In all these endeavors OPERA consistently expressed support for Bill C-5 objectives while vehemently protesting its excessive and wrong-headed implementation and enforcement provisions. Transcripts of our submissions to the Senate currently appear on our web site and Committee recommendations on the compensation issue are also found there by posted linkage to the appropriate Senate page. Developers are urged to read these documents as another example of OPERA’s efforts on their behalf.


Although Bill C-5 with no amendments as such received Royal Assent on Dec.12 and is now the law of the land, OPERA’s strong and consistent position on the compensation issue obviously resonated with the Standing Committee as reflected in its recommendations now formally attached to the Bill.



Let me read 4 of them to you: (1) Fair market value should be a starting point of the measure of compensation (2) Monetary compensation may not always be the most appropriate form of compensation and other forms may be made available (3) It is possible that the implementation of this legislation could cause a major disruption to a person’s livelihood and reduction of their net worth. Consequently, no artificial limits should be placed on compensation (4) Completing due diligence should not be a debilitating burden on farmers and other groups. The government must set out details of what tasks will satisfy due diligence requirements and take steps to ensure that the time and cost be fully compensated  


Could federal Species At Risk legislation affect members of your Association? Absolutely. Lets imagine a developer owns or proposes to purchase raw land on which, say, a single Loggerhead Shrike is living or has been reported by a trespassing bird watcher. Loggerhead Shrikes are perching birds about the size of a robin, pale grey and white in color with a black face They are native to a vast area in North America bounded by Florida on the south and the southern half of Canada on the north. As common as robins in New York state, the Loggerhead Shrike has been declared endangered in southern Ontario, the northern limit of its range, by the Committee On The Status Of Endangered Wildlife In Canada (COSEWIC). Without talons, it impales its prey, usually smaller birds, mice or insects, on thorn trees or barbwire fences for later feeding. Hence it’s other name of “Butcher Bird”. And hence MNR protection of its habitat in Ontario, often-valuable land with human development potential but infested with wild thorn trees.


Bill C-5 decrees that any use of any land designated Loggerhead Shrike habitat, as well as any adjacent property thought to be part of the local shrike range, must accommodate the lifestyle of this feathered migrant. Further, market value reduction and/or collateral losses arising from this arbitrary sterilization of private property will not be compensated unless such losses are “extraordinary” and so proven at landowner expense to Ministerial satisfaction.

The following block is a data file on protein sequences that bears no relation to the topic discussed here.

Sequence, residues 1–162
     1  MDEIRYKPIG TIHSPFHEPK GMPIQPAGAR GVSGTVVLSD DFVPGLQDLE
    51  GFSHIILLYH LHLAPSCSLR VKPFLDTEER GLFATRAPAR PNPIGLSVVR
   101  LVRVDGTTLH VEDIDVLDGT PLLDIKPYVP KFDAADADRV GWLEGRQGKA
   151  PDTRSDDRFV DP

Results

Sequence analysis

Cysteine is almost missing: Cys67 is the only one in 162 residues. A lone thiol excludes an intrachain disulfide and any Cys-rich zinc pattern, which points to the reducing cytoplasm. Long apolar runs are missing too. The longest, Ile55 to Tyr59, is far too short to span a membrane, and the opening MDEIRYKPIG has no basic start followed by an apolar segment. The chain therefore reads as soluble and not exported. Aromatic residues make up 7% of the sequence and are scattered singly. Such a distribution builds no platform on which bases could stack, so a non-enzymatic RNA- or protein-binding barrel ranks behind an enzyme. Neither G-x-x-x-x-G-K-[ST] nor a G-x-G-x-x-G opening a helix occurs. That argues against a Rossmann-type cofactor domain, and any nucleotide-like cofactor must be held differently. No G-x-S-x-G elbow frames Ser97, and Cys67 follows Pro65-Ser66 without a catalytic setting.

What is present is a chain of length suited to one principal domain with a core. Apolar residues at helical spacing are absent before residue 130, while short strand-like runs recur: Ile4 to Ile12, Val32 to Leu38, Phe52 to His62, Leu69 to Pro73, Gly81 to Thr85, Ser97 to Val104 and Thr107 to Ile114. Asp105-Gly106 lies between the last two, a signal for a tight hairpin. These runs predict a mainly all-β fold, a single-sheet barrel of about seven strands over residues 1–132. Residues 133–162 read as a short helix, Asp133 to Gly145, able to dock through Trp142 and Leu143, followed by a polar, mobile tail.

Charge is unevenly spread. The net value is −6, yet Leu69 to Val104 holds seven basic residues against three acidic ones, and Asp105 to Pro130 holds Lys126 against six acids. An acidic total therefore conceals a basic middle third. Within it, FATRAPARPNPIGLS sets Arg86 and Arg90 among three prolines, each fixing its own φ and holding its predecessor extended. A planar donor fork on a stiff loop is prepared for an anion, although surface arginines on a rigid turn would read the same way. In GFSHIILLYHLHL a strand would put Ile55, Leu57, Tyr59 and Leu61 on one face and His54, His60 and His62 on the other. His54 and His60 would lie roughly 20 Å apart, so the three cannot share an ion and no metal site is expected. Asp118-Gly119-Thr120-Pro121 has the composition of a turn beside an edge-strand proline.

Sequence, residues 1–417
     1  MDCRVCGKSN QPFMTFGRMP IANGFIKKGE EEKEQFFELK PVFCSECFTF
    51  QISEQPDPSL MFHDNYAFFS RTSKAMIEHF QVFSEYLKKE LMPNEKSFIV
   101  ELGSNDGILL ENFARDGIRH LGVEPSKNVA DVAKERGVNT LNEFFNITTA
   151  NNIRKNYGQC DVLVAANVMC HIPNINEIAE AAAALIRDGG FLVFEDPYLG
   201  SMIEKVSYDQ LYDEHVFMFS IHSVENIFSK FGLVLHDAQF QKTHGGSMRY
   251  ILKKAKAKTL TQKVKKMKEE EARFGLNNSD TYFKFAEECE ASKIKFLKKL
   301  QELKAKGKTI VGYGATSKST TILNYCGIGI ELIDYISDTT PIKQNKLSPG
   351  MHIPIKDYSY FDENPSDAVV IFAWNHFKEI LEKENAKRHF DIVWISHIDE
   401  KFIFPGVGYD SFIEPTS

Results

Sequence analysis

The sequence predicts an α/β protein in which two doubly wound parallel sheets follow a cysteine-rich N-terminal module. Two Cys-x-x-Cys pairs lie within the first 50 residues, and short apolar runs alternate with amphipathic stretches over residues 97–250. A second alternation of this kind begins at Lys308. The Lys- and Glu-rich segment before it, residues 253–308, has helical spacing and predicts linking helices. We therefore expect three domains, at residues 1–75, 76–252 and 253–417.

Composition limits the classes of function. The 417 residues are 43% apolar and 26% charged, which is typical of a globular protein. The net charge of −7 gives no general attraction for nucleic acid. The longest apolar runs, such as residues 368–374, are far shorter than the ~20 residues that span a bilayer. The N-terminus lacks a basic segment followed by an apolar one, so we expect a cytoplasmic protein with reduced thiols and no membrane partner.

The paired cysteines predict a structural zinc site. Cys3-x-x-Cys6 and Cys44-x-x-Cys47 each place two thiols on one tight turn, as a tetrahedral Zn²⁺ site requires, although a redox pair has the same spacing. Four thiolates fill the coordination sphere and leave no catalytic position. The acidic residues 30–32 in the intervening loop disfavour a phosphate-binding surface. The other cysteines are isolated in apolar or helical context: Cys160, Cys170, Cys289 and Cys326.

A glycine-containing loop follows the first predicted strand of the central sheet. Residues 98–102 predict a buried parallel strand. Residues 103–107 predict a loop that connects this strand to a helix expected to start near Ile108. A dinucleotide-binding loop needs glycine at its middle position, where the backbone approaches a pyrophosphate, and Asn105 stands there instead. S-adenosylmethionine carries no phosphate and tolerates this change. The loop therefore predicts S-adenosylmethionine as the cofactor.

And, to re-capture any slippery developer who somehow escapes the federal Species At Risk buzz-saw, a MNR subsidiary called Ontario Bird is ready with provincial species at risk regulations of its own. Such as “any person who approaches a Loggerhead Shrike nest without a permit shall be subject to prosecution and, upon conviction, a fine not to exceed $50,000.00 and 1 year imprisonment”. Our advice to developers; “Never go near any bird nest anytime”.


(5th) In 1996 OPERA was asked to participate in several Policy Advisory Committees of the Ontario government. This entailed an important commitment on the part of several coalition members who traveled each month to attend Committee meetings at Queen’s Park. Their input into the Development Charges Act, the Niagara Escarpment Planning and Development Act, the Municipal Act and Bill 20 was consistent and productive. Indeed, changes first tabled within the PAC program have since contributed to the improved economic climate in which the Ontario development industry operates today and which had, at the time, been stalled under restrictive policies of the Bob Rae government.





In concluding these 5 representative examples of OPERA activity, let me just add a final comment. About a year ago three OPERA people attended a land use workshop at Puslinch, Ontario sponsored by the Ontario Institute of Professional Agrologists and arranged by one of its long time members, Dr. James White, who is also an active supporter of our coalition. Entitled “Regulating Agriculture - How Much Can Farmers Put Up With”, that seminar attracted several hundred participants representing trade associations, corporations, political entities, municipalities and political parties.


Guest speakers covered a wide spectrum of concerns arising from excessive government regulation that demeans free enterprise, ignores citizen rights and circumvents due process of law in the name of environmental benefit or, that failing, the so-called “public good”. In our opinion, the development industry in Ontario is also a prime target for bureaucratic intervention and we hope the Puslinch audience included some GTDI members who’ve since reported on the scope and content of that informative and revealing workshop.


This afternoon we’ve briefly examined a few regulatory impingements that can frustrate legitimate land development in Ontario. Apart from overlapping federal legislation, there are at present over 3000 separate provincial statutes that affect ownership, use and value of private property in this province. Many of those proscriptions are impartial, useful & necessary. Others are less so. Still others are clearly unsympathetic to human progress, democratic rights and economic activity. Some favor major players in the immensely profitable environmental industry and a few seem associated with attempts to introduce global governance without the consent of the governed.


Nevertheless, despite the frequency and complexity of government land use intervention, the OPERA coalition, with the help, encouragement and generous support of your Association, will continue to speak for the rights and responsibilities of private landowners across Ontario. To that end, an OPERA business card distributed here this afternoon carries the usual contact numbers and our web page address where many of the issues we’ve recently addressed can be found.   


You’ve been a kind & patient audience. If there are any questions, I’ll try to answer them now.